Hardy Cyclamen may be the bravest, but perhaps the showiest of all the late winter to early spring flowering plants we have growing here in the gardens at Arley have got to be our Hellebores! If the winter weather conditions are not too severe the display is usually very colourful indeed. A valuable addition to the palette in the depths of winter, when little else is emerging, even as early as mid-December our Hellebores are Garden Hybrids and are very tolerant of Arley’s soil conditions. Planted on the sloping bank of the main station bed, they benefit from the perfect drainage, although receive adequate moisture which constantly moves through the site. Shaded from excessive sunshine by the road bridge and the overhanging leaf canopy of mature trees, the developing flowers are also protected from strong, cold winds. The gentle slope of the bed also has the added advantage of allowing the plants to be viewed in all their glory from below. Hellebores are deep rooted, herbaceous perennials and require plenty of organic matter, such as humus or spent mushroom compost to thrive. A mulch of spent mushroom compost or similar placed around the crown of the plant during mid-summer, just as the new flower buds are developing gives them a boost. It is always a gratifying exercise to “whack off” all the old foliage around the end of December to reveal the emerging flower buds. Watch them develop and eventually come into bloom! People's perception of colour varies, what we would describe as dark purple, some people say they’re black? Doubles, anemone centred and the humble singles are all on view with some interesting colour combinations. If you love Hellebores you should find them interesting.

For sheer brilliance of colour, fragrance and form during the depths of winter you can do no better than the Witch Hazel. We do have a couple of shrubs currently establishing themselves, given time they will put on quite a show. The “spider-like” flowers of Hamamelis Mollis “Pallida” may be small, but en masse they are very striking, and on a still mid-winter's day their delicate scent can be detected from many feet away, immensely charming during the coldest part of the year for the times the weather conditions close in and make it rather uncomfortable to be out in the garden, winter flowering hanging baskets under the station canopy and tubs along the platform bring valuable colour into view from the carriage windows.

Snowdrops and specie crows provide a colourful bridge between late winter and early spring, the garden beginning to awaken from its winter slumber as the temperature and light levels increase. The golden yellows and brilliant whites of daffodils during early March are a delightful sight on a clear, crisp and sunny morning. Spring blossom within the garden and across the valley can be spectacular, the vivid fresh green of emerging foliage only adds to the colour palette.


We’ve recently planted a few trees which will not only bring spring colour, but have valuable basic and autumn characteristics

Prunus Tai-haku 'the great white cherry' when mature provides a dazzling display of white spring blossom, and welcome shade under wide spreading branches.

Prunus Sargentti may be less noticeable during spring, with its pale pink flowers rather insignificant, but during autumn its foliage turns brilliant orange-red.


Prunus Serrula too has flowers which are not outstanding, although you can’t help but love its peeling, coppery-bronze, mahogany-like bark.

Prunus amanogawa will never get in the way as it stands bolt upright and provides a welcome column of semi-double, pale-pink, fragrant flowers.


Late spring and early summer sees colour extend throughout the garden. Herbaceous perennials come into flower, a real sense of that 'cottage garden' theme that was mentioned earlier. Lupins, Foxgloves, Euphorbias, Peonies, Tulips, Iris, Lilies, Cornflowers, Lavender, Osteospermums, Aquilegias, Dicentra, striking oriental poppies and Cranesbill geraniums are all mixed together in that chaotic elegance. Hafer Shasta daisies, acanthus spinosa and roses all blend together to continue the subtle hues into mid-summer. Their colours begin to fade as the season moves on toward mid-summer, the “backbone” of summer colour provided by hanging baskets and tubs, always a talking point and a blaze of colour beneath the station canopy.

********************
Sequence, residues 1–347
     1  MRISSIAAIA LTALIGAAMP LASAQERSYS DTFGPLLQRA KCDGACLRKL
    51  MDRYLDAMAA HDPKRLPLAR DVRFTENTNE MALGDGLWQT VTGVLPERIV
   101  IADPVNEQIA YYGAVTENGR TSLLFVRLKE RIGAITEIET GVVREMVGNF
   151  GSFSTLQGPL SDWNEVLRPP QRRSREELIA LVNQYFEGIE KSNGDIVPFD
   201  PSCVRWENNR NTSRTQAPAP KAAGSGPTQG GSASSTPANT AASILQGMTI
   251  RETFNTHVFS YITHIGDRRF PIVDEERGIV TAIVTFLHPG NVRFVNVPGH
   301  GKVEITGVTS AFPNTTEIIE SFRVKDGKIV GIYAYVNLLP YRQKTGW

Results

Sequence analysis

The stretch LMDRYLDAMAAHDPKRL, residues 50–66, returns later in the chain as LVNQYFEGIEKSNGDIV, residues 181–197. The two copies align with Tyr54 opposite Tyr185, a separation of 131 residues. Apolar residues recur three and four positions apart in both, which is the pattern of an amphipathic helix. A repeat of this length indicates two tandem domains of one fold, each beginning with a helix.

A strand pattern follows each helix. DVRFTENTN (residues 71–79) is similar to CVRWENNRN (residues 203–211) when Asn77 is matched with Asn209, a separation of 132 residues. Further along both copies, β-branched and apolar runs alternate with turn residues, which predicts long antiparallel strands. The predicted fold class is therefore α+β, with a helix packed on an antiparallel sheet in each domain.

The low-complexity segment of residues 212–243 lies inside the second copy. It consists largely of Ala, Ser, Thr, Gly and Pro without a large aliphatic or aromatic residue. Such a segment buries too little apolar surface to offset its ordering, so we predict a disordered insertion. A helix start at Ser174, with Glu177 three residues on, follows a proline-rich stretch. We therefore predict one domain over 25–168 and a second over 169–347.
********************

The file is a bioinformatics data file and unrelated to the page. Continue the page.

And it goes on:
Otherwise known as “Hatley,” Arley was the setting for the BBC TV comedy series “Oh Doctor Beeching.” We salute that memory by continuing to plant up the “BBC bed” that they specifically created on the main platform with summer bedding each year.

Although the main flush of colour may be over in the herbaceous borders the gardens are by no means devoid of flowers through the summer months. A selection of shrub and hybrid tea roses continue to flower and provide ample blooms for station staff button holes throughout the summer. To name but a few we have William Lobb, Ludlow Castle, Winchester Cathedral, Buff Beauty and the powerfully fragrant Benjamin Britten. 

In the interest of balance, we have both the red and white roses of the houses of Lancaster and York respectively along with the Rosa gallica var. Officinalis Versicolor (The Apothecary’s Rose – Rosa mundi) a delightful combination of both; Shrub roses are a particular favourite and more varieties are expected to be planted over the years. As well as flower, foliage also plays an important role throughout the year, the contrasting yellow and black of Sambucus “Sutherland Gold” and “Black Lace” provide a delicate summer bonus of both colour and form.


As summer draws to a close, a final burst of colour appears as Crocosmia, Japanese anemones and Hollyhocks continue to flower into autumn blending into the firey hues provided from Acer griseums, Liquidambar and Japanese maples scattered throughout the garden. 

The gardening year isn’t quite over for just as the years foliage is collapsing and colour begins to “drain away,” we end where we began with the appearance of hardy Cyclamen, but this time Cyclamen hederifolium, (“The Autumn flowering Cyclamen”) beneath some of the oaks in the picnic area. As charming as their winter flowering partners, their delicate pink flowers appear before the heart-shaped, patterned foliage which persists throughout the winter. Almost evergreen in fact.

Winter begins to tighten its grip once more, the garden falling asleep, except for the tell-tale signs of emerging Hellebore flowers, the “cycle” beginning again! Many of the plants and flowers at Arley Station have been grown from the stock of Ashwood Nurseries and are available for purchase from their nurseries at Kingswinford.


Most gardeners it has to be said are a bit crazy, and to be honest I’m no exception!
One of the beds here at Arley was created in “a moment of madness” and seemingly develops at its own pace? I suppose that you could call it “The Engine bed” and is an attempt to create a small engine, tender and coach “Topiary” display! Planted up with Buxus Sempervirens (common box) encased within a chicken wire framework, it should (if all things go to plan), when filled-out and clipped to shape, develop into something to raise a smile!

“Arley madness” must be contagious as Arthur “Chippie” Hamson said, “I’ll make you an Arley running in board!” we now have advertising, signage, a signal and simulated track. I’m not quite sure who’s the craziest, Arthur or me? One thing about the chickenwire framework, at least the rabbits will be deterred!

We don’t strive for Kew gardens here, far from it. You’ll find weeds sitting along side cultivated shrubs and plants and no doubt one or two failures along the way. What you will find however is a very warm welcome and a beautiful station that all the volunteer staff are very proud to be associated with, so please do come and have a look around, you will be most welcome. Whatever time of year you visit “The Valley,” have a fabulous day!

As the gardens develop we’ll add to these notes periodically and keep you up to date with what’s going on.